Sunday, January 01, 2012

Balmerizing Iowa's progressive tradition

Randall Balmer

There’s nothing like a little word play to get the new year off to a lively start, so I’ve been fussing this morning about the terms progressive, conservative and reactionary. A new piece by Randall Balmer at Religion Dispatches entitled “How Iowa Became a Stronghold of the Religious Right” set me off.

Balmer, professor of American religious history at Barnard College, Columbia University, answers the implied question in that title by suggesting that the rise of the religious right has endangered Iowa’s “strong progressive tradition.”

Almost an Iowa boy, Balmer spent part of his youth in Des Moines, where his father was pastor of a large Evangelical Free Church congregation.

He has since progressed to the Episcopal priesthood and written extensively from a progressive standpoint on the political impact of conservative and reactionary religion. He appears now and then on talk shows and has become a go-to person for media types trying to understand old-time new-time religion and its implications.

I’m defining “progressive” here as forward movement, “conservative” as resistance to movement and “reactionary” as backward movement. Conservative is fairly straightforward, but I’m not sure what to do with a reactionary who defines progress as moving backwards.

But there’s no doubt that what we’ve seen in the Iowa Caucus process to date, or at least that part of it highlighted by the media, has been a continued reactionary renaissance, noted four years ago, too, in the ascendancy of the greasy Mike Huckabee.

Neither GOP candidates nor their backers seem to have any idea of what the future might look like or how to get there unless it involves returning to the past, which --- like the rug that’s been pulled --- is no longer there and cannot be reclaimed.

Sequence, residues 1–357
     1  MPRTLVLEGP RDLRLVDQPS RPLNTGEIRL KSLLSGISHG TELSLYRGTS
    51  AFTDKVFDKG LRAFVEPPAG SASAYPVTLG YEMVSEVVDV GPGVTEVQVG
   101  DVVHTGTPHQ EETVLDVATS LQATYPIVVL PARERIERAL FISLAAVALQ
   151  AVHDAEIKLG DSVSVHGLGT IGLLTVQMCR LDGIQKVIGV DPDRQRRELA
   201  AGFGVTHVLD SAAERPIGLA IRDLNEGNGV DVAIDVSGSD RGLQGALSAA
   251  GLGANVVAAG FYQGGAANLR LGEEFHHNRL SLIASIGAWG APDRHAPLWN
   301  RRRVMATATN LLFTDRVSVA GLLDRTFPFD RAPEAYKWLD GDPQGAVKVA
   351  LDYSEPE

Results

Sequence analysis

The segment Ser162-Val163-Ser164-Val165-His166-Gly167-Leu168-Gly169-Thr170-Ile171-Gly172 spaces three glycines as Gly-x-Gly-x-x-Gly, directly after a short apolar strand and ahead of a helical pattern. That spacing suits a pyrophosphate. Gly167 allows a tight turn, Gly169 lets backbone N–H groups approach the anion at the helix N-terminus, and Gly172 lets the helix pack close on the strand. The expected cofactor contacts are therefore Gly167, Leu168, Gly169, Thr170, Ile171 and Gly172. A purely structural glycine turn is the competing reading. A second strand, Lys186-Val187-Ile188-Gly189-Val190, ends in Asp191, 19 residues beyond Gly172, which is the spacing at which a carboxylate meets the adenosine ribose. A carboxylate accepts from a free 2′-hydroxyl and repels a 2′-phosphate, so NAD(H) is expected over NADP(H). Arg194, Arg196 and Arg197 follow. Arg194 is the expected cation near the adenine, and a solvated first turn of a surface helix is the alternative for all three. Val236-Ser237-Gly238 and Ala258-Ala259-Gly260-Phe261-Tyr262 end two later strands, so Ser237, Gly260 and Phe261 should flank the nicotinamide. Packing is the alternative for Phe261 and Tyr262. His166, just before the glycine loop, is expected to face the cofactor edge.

Besides, I’m not that convinced Iowa actually has a “strong progressive tradition.” Like every other state, the Iowa record is a mixed bag. Spared a slave-based cultural tradition and the Reconstruction aftermath, we’ve always appeared more progressive than, say, Mississippi --- the South’s favorite whipping boy.

On the other hand, I’d be willing to bet that had a bunch of Baptists gotten together in the 1950s to propose a constitutional amendment banning interracial marriage, something imposed legislatively in other states but never in Iowa where progressive leadership prevailed, a majority of Iowans would have voted for it.

We have for the most part done a good job of capitalizing on shared assumptions --- like the value of public education. That consensus may be fraying a little, however. And shared assumptions have power only so long as they’re --- shared.

We’ve proved vulnerable to wild cards, like the Iowa Supreme Court decision that held same-sex marriage, although culturally suspect, was not constitutionally prohibited.

The curious thing about the caucus process this year is that it’s been almost entirely about sex --- gay sex --- in large part because of that decision. How peculiar. Equally peculiar --- sex seems to be uppermost on the minds of most churches, at least if you pay attention to media reports.

And sex makes strange bedfellows, if you’ll pardon the expression. Catholics were the LGBT people of the 19th and early 20th century among Iowa Protestants. But now, according to the latest Iowa poll, the state’s religious reactionaries, most of them Protestant, are gathering around Rick Santorum, a Roman Catholic.

And what’s going to happen to these poor folks if the GOP standard bearer turns out to be a Mormon (the inevitable Mitt Romney now leads Register polling)? After all those years invested in demonizing that religious tradition.

No doubt Balmer is right about the impact of reactionary religion on the Grand Old Party, but I think he overestimates Iowa’s progressive tradition. And perhaps underestimates the ability, once reactionaries have made themselves irrelevant, of conservatives and progressives to do a little constructive fence-mending in the area of shared assumptions. We’ll see.

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